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Famine and Ethnic Politics


H. Vanlalhruaia

PIED PIPERS IN NORTH EAST-INDIA: BAMBOO-FLOWERS, RAT-FAMINE AND THE POLITICS OF PHILANTROPHY - 1881-2007
By Sajal Nag
2008, pp. 307, Rs. 780.00

VOLUME XXXV NUMBER 7 july 2011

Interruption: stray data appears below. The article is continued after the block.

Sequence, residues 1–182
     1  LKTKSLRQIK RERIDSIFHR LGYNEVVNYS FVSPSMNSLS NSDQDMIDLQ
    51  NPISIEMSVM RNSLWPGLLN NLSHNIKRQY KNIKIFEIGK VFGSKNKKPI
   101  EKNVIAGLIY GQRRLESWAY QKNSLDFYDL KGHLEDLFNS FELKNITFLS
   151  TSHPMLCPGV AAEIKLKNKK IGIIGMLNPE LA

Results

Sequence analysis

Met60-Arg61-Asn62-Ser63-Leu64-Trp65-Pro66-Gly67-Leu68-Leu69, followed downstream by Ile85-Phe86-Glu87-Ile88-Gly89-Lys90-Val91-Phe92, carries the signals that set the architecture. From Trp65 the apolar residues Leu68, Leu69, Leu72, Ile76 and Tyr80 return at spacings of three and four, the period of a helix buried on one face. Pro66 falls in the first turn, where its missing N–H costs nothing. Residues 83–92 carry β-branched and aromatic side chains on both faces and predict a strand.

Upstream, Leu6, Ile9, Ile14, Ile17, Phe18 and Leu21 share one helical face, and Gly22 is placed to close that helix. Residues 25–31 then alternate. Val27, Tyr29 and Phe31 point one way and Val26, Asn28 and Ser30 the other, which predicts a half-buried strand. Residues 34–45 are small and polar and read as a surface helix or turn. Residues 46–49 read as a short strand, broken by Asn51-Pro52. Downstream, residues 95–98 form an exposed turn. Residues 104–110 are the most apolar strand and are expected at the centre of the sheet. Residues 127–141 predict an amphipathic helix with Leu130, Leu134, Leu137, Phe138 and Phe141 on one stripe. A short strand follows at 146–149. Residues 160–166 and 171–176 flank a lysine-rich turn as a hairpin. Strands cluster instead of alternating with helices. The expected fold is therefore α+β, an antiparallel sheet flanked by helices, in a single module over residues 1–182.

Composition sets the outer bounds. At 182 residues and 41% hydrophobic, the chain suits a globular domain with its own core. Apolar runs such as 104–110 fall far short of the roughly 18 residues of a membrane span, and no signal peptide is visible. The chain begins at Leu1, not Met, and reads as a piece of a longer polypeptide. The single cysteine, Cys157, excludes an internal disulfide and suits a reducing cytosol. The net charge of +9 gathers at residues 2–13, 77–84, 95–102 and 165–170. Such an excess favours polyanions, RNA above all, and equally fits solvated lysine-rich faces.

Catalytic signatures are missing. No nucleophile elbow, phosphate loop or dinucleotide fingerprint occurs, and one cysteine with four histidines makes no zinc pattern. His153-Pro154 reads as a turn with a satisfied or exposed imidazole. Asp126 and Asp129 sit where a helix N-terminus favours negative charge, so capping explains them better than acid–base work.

A strong connection between famine and ethnic politics has been brought out by a number of scholars in the context of North East India. The economic backwardness of the region has been widely discussed in the light of contemporary ethnic political process. Yet, the origin of widespread insurgencies in the North East region whether in the case of Mizoram, Manipur or Nagaland is an outcome of food shortage during the colonial and postcolonial period. However, the impact of famine on the people is generally left out in such discourses. Sajal Nag's is a serious study on the history and politics around the bamboo famine in the context of Mizoram from the 1880s to the 1960s. Among India's North East states, Mizoram occupies a unique position mainly due to the periodic bamboo flowerings which lead to devastating famines in the region. This eventually led to the Famine Relief Front turning into the political party called 'Mizo National Front and its uprising against the Indian nation in the mid 1960s. 'Mizo history from the precolonial migration to the encounter with colonialism, the interaction with the European Christian Missionaries and the growth of ethnonationalism in the post-Independent period were all strongly determin-ed by the cyclical bamboo famine. The various famine relief efforts which were made during colonialism by the state were all part of the colonial agenda of trying to win over the hearts of the tribal people. In contrast to the colonial policy, the post-colonial state ignored the fam-ine in the hills. As a consequence, the socio-political upheaval started in 1966 lasted for 20 years. Hence, history provides the lesson that government interventions become important elements in coping with the stress of famine. Famine was not new to the British, particularly after the Bengal famine. In fact, they were responsible for most of the famines that had occurred in India (p.63). However, the bamboo famine in Mizoram (Lushai Hills) triggered their curiosity as it was new to them. Bamboo flowering causes two types of famine locally called 'mautam tam' and 'thingtam tam' —their occurrence usually based on chronological sequences. In local language, Mautam or thingtam literally means bamboos withering or dying out and tam means famine. According to folk tradition, the two species of bamboo (thing or bambusa longispiculata and mautak or melocanna bambbasoides) that grow in abundance in the hills flower in a cycle of 30 years and 50 years respectively. The bamboo flower soon ...


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